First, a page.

Here's the good news: Jurassic World: Fallen Kingdom is more fun than Jurassic World. It's not exactly a high bar, but still a welcome surprise. In the hands of a new director, J.A. Bayona, with Chris Pratt's high-wattage charisma on full blast and a fair amount of self-aware humour intact, there are certainly worse ways to spend a couple hours in the air-conditioned multiplex this summer.
Mind you, this movie is pretty ridiculous and the script (from Colin Trevorrow and Derek Connolly) is not very clever — I found myself rolling my eyes almost as frequently as I found myself smiling with genuine delight. Jurassic World: Fallen Kingdom will not stand up to rigorous scrutiny, and yet, it's kind of an enjoyable, preposterous and thrilling ride that ticks through nostalgia beats like a shopping list.
It's a little sad how in this era of industrial franchise filmmaking a three year gap between films actually feels like quite a bit of time — or maybe it's just a testament to how gruelling the past few years have been — but, hey, it did at least seem like the right time to check in with those dinosaurs again, although I worry that our emotional investment in Owen's connection with a velociraptor has been vastly overestimated.
After a very solid, and scary, beginning, with pouring rain and genuine suspense as some scientists venture back into the defunct Jurassic World to retrieve a dinosaur bone, a helpful newscaster orients the audience with a whole lot of exposition: It's been three years since Jurassic World closed; $800 million in damages have been paid out; and, most importantly, a dormant volcano has come back to life on the island and is about to cause an "extinction level event" that will wipe out all the remaining dinosaurs.
The question of whether or not to let the dinos go extinct again has become a national debate and Bryce Dallas Howard's Claire is leading the charge to try to save the animals. As a not-so-subtle nod to that other national debate about Claire's choice of footwear in Jurassic World, our first shot of her is her feet in sky high heels (the hiking boots she wears later for all the action get their own loving close-up too).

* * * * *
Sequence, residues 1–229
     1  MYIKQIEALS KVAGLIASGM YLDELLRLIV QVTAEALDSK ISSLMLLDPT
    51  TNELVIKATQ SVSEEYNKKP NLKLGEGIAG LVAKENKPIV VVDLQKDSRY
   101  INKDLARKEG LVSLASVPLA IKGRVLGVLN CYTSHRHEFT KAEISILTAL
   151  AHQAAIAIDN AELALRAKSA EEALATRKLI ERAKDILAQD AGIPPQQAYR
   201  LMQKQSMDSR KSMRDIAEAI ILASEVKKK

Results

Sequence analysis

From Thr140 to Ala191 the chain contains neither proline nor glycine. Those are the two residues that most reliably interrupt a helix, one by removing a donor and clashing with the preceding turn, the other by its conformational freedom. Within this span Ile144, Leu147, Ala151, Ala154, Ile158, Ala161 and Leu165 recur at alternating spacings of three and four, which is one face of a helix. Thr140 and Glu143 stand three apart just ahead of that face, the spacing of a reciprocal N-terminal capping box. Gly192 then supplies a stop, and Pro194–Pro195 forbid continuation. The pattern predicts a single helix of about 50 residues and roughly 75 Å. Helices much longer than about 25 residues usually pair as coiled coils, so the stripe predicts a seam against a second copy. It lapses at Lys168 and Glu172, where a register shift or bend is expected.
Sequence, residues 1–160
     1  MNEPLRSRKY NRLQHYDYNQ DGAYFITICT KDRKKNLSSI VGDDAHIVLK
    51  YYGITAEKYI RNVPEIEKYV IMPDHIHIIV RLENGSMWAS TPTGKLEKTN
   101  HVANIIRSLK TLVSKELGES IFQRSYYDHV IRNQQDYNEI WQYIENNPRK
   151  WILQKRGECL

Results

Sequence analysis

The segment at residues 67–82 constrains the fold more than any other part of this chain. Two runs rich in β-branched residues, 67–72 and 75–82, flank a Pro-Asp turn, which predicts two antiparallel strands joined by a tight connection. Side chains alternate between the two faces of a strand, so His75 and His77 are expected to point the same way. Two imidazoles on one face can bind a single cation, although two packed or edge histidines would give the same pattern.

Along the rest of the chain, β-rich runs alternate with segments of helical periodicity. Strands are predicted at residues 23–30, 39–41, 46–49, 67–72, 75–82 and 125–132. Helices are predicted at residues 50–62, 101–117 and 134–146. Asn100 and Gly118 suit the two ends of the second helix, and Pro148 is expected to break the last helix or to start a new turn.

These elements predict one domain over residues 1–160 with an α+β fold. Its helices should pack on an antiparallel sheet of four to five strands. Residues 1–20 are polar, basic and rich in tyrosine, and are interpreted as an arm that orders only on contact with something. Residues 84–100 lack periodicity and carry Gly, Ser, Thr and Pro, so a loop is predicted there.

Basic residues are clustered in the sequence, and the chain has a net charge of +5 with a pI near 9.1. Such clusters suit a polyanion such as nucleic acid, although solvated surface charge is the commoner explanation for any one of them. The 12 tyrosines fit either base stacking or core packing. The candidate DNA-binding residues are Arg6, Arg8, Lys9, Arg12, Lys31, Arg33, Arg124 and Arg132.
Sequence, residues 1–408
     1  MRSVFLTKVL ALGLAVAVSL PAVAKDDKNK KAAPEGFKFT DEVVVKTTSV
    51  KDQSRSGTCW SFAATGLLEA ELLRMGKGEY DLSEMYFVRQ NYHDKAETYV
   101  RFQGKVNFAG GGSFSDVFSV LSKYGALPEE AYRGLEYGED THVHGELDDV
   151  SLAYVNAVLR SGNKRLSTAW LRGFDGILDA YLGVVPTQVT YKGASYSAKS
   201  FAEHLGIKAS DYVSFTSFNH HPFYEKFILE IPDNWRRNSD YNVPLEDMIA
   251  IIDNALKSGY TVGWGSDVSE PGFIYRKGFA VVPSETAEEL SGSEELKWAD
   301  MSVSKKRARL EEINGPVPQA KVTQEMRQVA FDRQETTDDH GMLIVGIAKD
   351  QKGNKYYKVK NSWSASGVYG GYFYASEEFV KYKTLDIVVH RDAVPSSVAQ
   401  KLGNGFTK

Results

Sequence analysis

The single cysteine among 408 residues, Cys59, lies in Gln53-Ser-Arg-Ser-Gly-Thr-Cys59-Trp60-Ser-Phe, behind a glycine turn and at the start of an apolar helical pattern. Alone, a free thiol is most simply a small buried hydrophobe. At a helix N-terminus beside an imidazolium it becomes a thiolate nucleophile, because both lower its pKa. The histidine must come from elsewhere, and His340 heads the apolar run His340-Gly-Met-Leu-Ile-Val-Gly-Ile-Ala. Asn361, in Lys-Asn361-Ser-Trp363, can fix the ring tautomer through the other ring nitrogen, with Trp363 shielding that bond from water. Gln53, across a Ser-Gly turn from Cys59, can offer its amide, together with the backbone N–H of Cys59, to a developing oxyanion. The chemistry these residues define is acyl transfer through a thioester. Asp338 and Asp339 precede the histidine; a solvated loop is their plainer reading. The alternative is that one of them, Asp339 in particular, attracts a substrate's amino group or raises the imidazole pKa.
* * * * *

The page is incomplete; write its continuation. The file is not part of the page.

Essentially, and this is where the contrivances start, a wealthy, dying man, Benjamin Lockwood (James Cromwell), who is somehow connected to John Hammond, and his associate Eli Mills (Rafe Spall) pitch Claire on an expedition to stage their own Noah's Ark with the dinos and transport as many species as possible to a sanctuary island. They need her to tap into the park's security system, and also to convince Owen (Pratt) to come along and get close to the raptor Blue, his old pal who has become so anthropomorphised it's actually surprising she doesn't just start talking.
There are some more new characters added too: A skittish computer guy, Franklin (Justice Smith), and a doctor Zia (Daniella Pineda), who come along on the journey for some comedic relief; a mercenary military guy (Ted Levine); and a cute dino-obsessed girl, Masie Lockwood (Isabella Sermon).
Perhaps the most unexpected thing about Fallen Kingdom is that the "escape from the volcano" plot is just the first set-piece. It's all a precursor to the dinos coming to the mainland.
If you're thinking, "I've seen this movie before," just wait, it get so much more derivative than you would ever imagine possible. Bayona, who also directed The Impossible and A Monster Calls, is good enough to pull it off. It's the main reason why Fallen Kingdom is entertaining despite itself, but it is a shameless strategy that can only work so many times. Also, can we retire the "objects in the mirror are closer than they appear" joke at this point?
Life finds a way, and so do franchises that make ungodly amounts of money. Jurassic World: Fallen Kingdom gets away with its unoriginality for the most part, but this franchise's desperation is starting to show. It's time to evolve or go extinct.
Jurassic World: Fallen Kingdom, a Universal Pictures release, is rated PG-13 by the Motion Picture Association of America for "for intense sequences of science-fiction violence and peril." Running time: 128 minutes. Two and a half stars out of four.